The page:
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Delayed infusion of GDNF promotes recovery of motor function in the partial lesion model of Parkinson's disease


: Dr Deniz Kirik, as above.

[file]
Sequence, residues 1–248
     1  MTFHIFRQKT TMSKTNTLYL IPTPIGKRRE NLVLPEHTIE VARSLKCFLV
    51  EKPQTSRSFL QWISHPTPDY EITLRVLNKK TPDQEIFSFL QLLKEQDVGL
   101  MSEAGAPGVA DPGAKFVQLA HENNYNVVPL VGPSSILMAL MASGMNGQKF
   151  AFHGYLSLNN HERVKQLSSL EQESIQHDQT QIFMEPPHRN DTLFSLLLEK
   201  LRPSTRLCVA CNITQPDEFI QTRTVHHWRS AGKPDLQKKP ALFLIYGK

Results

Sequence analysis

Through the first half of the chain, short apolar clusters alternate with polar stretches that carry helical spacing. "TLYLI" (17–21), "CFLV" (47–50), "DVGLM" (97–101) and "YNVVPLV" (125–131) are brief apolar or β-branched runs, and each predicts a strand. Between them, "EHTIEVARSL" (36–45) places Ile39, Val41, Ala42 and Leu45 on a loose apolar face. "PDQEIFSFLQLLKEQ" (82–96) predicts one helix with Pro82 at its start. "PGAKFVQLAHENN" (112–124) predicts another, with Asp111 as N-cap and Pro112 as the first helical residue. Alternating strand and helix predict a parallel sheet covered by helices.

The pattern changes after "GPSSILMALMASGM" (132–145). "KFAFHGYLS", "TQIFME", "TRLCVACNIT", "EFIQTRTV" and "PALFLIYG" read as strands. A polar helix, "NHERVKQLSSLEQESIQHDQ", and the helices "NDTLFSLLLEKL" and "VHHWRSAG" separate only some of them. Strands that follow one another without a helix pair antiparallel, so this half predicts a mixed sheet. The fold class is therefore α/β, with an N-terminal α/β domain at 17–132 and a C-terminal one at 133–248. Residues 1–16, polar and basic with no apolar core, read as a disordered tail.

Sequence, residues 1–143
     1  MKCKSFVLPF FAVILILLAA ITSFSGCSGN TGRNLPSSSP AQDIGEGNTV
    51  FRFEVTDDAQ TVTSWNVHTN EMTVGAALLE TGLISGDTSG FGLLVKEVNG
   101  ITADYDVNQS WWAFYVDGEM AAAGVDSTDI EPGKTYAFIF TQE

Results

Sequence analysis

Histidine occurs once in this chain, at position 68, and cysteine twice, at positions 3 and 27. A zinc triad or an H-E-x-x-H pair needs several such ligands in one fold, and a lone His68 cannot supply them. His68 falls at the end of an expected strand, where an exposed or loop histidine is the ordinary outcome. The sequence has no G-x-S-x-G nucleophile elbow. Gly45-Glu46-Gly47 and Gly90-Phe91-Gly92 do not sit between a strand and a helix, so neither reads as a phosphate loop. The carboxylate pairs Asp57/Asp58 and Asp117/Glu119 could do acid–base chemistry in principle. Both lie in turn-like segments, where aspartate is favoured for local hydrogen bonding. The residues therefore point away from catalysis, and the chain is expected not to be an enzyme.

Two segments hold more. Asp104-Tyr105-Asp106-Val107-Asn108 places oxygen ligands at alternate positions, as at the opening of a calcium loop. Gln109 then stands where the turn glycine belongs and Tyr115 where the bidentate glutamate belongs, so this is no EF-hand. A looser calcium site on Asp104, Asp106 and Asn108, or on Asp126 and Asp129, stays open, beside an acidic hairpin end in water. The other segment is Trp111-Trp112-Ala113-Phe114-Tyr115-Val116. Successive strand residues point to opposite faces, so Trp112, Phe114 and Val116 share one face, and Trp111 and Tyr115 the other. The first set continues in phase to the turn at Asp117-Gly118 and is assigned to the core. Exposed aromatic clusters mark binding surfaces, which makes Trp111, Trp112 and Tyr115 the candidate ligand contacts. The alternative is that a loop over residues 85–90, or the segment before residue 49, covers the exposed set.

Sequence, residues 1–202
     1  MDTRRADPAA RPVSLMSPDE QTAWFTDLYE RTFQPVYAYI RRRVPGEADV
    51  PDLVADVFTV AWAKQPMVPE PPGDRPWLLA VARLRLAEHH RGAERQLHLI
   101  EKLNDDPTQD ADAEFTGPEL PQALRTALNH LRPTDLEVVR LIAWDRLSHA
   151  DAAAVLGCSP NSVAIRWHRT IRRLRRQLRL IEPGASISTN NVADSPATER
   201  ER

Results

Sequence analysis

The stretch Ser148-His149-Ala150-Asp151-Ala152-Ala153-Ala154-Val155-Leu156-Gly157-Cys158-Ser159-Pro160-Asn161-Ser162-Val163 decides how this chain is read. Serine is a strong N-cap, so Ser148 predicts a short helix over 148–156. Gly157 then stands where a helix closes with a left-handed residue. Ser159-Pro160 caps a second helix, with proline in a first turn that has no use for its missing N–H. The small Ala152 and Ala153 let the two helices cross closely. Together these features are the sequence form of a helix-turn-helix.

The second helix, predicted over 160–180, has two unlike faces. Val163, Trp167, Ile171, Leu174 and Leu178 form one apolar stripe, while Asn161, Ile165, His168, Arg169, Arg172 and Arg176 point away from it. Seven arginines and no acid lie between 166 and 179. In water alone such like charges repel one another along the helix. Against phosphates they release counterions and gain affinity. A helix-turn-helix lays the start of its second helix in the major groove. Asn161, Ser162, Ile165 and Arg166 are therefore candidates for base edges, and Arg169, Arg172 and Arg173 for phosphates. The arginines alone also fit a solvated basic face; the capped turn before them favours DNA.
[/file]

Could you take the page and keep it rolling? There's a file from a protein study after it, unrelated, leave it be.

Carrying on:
Here we studied the effects of glial cell line-derived neurotrophic factor (GDNF) in a rat model that represents the symptomatic stages of Parkinson's disease. GDNF was infused starting 2 weeks after an intrastriatal 6-hydroxydopamine (6-OHDA) lesion in order to halt the ongoing degeneration of the nigrostriatal dopaminergic neurons. GDNF or vehicle was infused in the striatum or the lateral ventricle via an osmotic minipump over a total 4-week period (2–6 weeks postlesion). Motor function was evaluated by the stepping, paw reaching and drug-induced motor asymmetry tests before the pump infusion was initiated, and was repeated once during (5 weeks postlesion) and twice after the withdrawal of the minipumps (7 and 11 weeks postlesion). We found that within two weeks following the lesion ≈ 40% of the nigral TH-positive neurons were lost. In the vehicle infusion groups there was an additional 20% cell loss between 2 and 12 weeks after the lesion. This latter cell loss occurred mainly in the caudal part of the SN whereas the cell loss in the rostral SN was almost complete within the first two weeks. Ventricular GDNF infusion completely blocked the late degenerating neurons in the caudal SN and had long lasting behavioural effects on the stepping test and amphetamine rotation, extending to 6 weeks after withdrawal of the factor. Striatal infusion affected the motor behaviour transiently during the infusion period but the motor performance of these animals returned to baseline upon cessation of the GDNF delivery, and the delayed nigral cell loss was marginally affected. We conclude that intraventricular GDNF can successfully block the already initiated degenerative process in the substantia nigra, and that the effects achieved via the striatal route, when GDNF is given acutely after the lesion, diminish as the fibre terminal degeneration proceeds.